"The TFP is a kickstarter for big transmission lines," said Michael Skelly, chief executive officer of Grid United, co-developer of the 748 MW Southline transmission line. The 175-mile Southline Transmission Project will enable delivery of new wind, solar and geothermal energy in southern New Mexico to growing markets in Arizona and a further expansion is planned in a later phase.

The DOE funding will "accelerate our efforts to commercialize this project and get the contracts in place...allowing us to get into construction," Skelly said.

The TFP is also supporting the development of the 1.5 GW Cross-Tie bi-directional line connecting Utah and Nevada, which will enable delivery of solar generation in Utah, Nevada and California as well as wind generation in Wyoming and Idaho.

"I'd say this is a key piece in connecting the overall Western grid as a whole," Justin Joiner, president of CrossTie developer TransCanyon, said.

"It will allow us to connect to other projects under development...and have a more robust and better-connected system," he said.

The third project selected for the TFP, the 1.2 GW bi-directional line Twin States Clean Energy Link between New England and Quebec, Canada, will allow hydropower imports from Canada and exports of surplus offshore wind power from New England to Quebec in the future. The project will provide 79% of inter-regional transmission needs, according to the DOE.

Funding gap

The DOE has also been authorised through last year's inflation act to provide $2 billion in direct loans through the TFP program.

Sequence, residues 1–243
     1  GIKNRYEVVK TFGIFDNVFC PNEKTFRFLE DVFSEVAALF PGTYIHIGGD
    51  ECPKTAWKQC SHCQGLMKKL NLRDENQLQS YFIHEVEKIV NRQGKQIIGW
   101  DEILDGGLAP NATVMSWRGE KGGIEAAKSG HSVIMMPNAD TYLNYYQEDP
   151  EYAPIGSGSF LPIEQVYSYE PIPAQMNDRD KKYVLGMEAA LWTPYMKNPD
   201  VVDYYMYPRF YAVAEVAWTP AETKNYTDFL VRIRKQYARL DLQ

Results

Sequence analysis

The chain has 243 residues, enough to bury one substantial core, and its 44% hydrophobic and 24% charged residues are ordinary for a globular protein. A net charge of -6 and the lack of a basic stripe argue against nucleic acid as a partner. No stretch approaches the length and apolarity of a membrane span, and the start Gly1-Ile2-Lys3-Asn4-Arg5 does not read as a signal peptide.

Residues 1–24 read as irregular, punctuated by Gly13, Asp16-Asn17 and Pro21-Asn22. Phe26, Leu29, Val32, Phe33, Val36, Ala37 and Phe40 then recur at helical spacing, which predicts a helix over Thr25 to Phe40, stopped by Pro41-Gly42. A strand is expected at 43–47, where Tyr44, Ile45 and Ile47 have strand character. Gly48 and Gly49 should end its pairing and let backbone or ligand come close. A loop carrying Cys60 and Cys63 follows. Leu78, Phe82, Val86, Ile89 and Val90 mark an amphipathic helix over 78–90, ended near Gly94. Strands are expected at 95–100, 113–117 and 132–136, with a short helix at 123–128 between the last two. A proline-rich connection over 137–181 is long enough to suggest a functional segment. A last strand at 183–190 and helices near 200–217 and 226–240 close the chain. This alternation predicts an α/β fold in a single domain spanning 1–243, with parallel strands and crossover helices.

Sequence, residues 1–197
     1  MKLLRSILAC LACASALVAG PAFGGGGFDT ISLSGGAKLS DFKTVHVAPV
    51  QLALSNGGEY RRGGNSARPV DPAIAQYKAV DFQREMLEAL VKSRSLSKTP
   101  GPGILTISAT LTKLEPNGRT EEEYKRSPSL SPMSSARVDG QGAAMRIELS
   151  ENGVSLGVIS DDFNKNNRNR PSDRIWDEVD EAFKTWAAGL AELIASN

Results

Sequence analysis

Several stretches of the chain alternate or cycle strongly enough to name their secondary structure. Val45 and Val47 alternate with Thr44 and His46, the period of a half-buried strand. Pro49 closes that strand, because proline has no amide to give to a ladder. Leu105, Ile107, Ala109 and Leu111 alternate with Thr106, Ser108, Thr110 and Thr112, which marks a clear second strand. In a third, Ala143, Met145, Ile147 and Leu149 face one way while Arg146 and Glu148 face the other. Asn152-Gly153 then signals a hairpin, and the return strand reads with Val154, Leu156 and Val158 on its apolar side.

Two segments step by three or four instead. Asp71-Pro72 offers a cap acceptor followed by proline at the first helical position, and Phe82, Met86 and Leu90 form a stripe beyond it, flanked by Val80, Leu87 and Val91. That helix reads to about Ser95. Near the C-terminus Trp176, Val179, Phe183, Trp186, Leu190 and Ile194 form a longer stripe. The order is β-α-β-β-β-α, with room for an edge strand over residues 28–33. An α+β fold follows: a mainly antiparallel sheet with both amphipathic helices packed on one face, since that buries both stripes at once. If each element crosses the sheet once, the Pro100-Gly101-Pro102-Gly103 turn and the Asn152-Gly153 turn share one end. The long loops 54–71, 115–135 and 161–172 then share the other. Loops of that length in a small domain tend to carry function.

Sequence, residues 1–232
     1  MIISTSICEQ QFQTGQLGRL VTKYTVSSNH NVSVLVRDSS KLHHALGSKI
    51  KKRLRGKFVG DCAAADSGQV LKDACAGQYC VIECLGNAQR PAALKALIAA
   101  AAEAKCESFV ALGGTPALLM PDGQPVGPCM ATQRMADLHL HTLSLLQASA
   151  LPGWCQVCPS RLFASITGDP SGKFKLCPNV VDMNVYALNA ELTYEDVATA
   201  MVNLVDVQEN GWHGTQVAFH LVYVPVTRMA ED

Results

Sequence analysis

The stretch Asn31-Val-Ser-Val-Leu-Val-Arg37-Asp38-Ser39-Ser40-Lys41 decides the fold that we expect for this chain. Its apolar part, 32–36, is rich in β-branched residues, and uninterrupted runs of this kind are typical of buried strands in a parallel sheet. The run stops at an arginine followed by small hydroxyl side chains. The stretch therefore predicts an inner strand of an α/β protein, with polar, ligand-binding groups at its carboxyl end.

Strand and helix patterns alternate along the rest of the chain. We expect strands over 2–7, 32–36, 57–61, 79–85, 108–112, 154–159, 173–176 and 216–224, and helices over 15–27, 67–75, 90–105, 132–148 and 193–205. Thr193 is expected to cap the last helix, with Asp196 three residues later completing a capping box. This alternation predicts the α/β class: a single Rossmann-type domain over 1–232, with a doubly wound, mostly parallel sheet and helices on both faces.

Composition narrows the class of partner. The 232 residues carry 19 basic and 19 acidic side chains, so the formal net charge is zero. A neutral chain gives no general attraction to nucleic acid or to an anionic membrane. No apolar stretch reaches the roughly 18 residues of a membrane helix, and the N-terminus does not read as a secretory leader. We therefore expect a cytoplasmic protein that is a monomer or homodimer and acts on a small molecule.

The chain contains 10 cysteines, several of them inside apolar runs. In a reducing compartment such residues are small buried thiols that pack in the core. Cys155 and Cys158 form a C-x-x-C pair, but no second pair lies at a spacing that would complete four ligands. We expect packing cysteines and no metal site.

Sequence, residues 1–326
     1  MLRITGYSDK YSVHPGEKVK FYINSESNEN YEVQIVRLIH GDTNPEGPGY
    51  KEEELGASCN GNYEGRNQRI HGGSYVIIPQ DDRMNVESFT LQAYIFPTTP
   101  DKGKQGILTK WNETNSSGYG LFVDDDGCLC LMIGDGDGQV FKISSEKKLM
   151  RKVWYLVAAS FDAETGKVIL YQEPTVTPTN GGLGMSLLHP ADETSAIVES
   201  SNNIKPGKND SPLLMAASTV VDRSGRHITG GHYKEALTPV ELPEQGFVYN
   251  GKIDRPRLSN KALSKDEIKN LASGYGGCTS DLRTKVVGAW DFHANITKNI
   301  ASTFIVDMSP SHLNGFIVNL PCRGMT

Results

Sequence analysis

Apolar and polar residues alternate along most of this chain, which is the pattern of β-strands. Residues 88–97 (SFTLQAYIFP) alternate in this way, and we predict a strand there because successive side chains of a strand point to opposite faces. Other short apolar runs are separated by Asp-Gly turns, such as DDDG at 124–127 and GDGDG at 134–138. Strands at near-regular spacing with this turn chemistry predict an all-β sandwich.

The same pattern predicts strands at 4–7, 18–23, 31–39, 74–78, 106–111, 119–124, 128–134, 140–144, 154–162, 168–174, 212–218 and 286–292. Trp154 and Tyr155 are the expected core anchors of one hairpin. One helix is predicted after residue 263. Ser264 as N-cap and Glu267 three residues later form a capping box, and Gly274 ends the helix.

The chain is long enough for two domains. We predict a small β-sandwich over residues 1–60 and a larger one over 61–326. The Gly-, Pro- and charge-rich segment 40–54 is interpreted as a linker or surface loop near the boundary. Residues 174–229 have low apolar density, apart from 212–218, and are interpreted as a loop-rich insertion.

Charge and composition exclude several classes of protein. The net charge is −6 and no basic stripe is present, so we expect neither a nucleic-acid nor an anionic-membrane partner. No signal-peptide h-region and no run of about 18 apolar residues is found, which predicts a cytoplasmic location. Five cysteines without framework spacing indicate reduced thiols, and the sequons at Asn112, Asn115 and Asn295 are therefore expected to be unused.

“This program is currently under development and more information will be available in the coming months,” the DOE said in an email.

The federal initiatives are a positive step towards addressing the critical issue of grid infrastructure but far more investments are required to achieve the levels of wind and solar power required to decarbonise the power network.

The U.S. must find ways to attract more money into the transmission sector, Silverman said.

"There has to be a future expansion of these programs or different programs of some sort," he said.

One solution could be a federal tax credit for transmission projects, similar to the credits offered for clean technology deployment and manufacturing in the inflation act.

Wind and solar deployment is spreading into new parts of the U.S. and grid investments will need to follow suit.

"We haven't really even begun to touch the transmission needed outside of that Western area," Silverman noted.

"Very little of this money is committed to the East,” he said.

Reporting by Anna Flavia Rochas

Editing by Robin Sayles